Having an unloaded weapon is not generally a good idea unless necessary for safety on the firing line, inspection, handling by another, in an area required by law, etc. There is little benefit otherwise to have a weapon for use not locked and loaded excluding a few instances. I won't own a gun without a safety so have never had a Glock although if on active duty that would be my choice. There is no danger when a weapon is on safe to not have your finger in the trigger guard. Generally you release the safety with the thumb of the hand on the grip. You should know if a round is chambered and if the gun is on safe or not. You should understand when it may be necessary to unsafe the weapon and when you may fire in defense of life or grave bodily injury to yourself or another whether stand your ground or the castle doctrine.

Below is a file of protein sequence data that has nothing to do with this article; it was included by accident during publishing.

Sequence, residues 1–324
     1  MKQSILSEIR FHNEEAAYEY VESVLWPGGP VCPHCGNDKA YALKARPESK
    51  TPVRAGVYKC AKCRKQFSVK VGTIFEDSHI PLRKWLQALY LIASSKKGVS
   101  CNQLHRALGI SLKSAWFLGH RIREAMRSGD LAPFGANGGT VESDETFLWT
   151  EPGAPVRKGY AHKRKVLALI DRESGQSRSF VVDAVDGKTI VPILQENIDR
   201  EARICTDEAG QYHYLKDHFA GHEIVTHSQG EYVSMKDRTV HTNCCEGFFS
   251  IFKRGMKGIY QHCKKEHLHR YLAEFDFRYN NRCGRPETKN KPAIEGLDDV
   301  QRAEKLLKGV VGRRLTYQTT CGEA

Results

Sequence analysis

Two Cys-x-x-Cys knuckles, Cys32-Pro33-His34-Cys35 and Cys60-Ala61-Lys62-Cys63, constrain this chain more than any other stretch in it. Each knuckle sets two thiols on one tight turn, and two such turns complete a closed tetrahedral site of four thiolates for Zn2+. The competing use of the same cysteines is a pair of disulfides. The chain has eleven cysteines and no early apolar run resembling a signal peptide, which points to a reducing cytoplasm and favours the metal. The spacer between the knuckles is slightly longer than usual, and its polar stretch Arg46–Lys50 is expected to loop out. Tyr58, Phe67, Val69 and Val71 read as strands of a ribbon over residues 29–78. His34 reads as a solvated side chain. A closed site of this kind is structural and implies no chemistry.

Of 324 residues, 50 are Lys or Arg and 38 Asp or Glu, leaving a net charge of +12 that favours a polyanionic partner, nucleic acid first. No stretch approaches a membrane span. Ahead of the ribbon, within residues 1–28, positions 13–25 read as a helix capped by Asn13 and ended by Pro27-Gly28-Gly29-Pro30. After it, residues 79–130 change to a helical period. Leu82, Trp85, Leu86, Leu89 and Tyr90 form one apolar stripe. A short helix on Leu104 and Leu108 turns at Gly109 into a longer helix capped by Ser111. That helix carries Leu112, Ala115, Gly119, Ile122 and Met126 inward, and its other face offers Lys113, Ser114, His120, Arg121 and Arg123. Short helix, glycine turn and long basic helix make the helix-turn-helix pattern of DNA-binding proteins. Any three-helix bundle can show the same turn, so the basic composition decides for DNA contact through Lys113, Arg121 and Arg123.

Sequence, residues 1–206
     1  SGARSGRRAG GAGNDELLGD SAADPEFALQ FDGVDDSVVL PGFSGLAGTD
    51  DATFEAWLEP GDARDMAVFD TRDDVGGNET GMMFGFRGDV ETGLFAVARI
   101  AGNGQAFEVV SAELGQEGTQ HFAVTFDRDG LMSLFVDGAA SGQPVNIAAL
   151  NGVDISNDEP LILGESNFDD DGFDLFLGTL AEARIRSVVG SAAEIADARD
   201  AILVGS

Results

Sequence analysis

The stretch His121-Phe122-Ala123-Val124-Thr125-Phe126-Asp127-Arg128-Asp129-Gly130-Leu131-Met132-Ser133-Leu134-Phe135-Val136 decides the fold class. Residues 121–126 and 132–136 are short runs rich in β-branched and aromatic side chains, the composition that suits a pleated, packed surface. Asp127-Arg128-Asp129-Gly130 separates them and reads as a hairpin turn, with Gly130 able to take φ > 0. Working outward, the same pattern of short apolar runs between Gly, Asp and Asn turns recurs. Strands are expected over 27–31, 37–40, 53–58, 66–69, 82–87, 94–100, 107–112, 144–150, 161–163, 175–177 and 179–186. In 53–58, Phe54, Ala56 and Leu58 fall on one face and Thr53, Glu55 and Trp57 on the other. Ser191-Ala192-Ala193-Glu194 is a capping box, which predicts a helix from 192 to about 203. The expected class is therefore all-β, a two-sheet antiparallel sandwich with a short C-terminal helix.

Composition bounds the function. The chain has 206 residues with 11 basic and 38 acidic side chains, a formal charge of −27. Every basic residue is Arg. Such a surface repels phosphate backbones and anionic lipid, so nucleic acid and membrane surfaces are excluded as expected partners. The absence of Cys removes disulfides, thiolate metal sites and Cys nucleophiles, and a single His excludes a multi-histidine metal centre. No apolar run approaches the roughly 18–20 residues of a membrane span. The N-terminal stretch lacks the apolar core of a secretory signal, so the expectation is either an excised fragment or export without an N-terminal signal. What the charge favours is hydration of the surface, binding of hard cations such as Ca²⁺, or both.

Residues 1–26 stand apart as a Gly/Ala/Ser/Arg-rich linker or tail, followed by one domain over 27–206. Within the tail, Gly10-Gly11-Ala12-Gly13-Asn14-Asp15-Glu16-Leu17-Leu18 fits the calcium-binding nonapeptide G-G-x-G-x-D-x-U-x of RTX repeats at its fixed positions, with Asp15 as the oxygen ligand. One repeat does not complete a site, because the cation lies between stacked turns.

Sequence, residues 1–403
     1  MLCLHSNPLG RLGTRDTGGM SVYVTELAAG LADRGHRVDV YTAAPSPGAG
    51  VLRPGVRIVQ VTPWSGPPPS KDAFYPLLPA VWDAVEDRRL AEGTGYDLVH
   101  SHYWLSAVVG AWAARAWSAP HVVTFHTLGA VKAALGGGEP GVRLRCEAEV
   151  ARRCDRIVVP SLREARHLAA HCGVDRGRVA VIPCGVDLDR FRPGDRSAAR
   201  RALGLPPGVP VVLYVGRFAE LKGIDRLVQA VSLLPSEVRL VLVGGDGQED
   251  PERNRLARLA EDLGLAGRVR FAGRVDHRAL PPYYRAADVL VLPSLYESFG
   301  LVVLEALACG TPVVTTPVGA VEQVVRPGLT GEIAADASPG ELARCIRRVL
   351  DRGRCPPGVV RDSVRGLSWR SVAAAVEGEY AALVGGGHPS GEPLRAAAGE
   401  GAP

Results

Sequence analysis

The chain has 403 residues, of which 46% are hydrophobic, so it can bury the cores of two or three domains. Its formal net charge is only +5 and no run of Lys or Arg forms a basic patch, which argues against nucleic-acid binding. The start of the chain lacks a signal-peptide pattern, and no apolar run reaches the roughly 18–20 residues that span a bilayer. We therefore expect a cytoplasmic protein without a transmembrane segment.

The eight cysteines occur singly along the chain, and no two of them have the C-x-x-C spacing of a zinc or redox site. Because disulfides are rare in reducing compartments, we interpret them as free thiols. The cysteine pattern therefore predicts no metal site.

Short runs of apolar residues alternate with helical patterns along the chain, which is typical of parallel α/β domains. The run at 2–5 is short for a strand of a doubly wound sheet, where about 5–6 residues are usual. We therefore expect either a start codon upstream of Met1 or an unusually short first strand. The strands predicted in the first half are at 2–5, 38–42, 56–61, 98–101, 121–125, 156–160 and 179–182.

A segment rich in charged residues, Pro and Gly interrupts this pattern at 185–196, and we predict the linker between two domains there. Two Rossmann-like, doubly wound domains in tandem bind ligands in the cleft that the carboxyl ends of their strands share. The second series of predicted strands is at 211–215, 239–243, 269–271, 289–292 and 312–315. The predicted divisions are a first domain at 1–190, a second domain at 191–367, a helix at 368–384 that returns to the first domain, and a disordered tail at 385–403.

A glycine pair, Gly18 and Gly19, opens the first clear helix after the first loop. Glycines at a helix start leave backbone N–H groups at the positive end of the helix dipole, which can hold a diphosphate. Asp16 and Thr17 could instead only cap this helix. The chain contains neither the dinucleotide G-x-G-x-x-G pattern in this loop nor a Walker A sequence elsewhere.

Anyone not trained elsewhere should have safety training as well as learn to fire their weapon accurately and safely. You should be able to unholster your weapon and fire accurately and quickly.

If not carrying then the weapon needs to be secured safely esp if there are children on board. Depending on their ages then the weapon should be locked away or have a trigger guard. Safety, safety, safety.
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  #33  
Old 02-24-2013
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Re: Different Gun Question

Quote:
Originally Posted by jobberone View Post
There is no danger when a weapon is on safe to not have your finger in the trigger guard. Generally you release the safety with the thumb of the hand on the grip.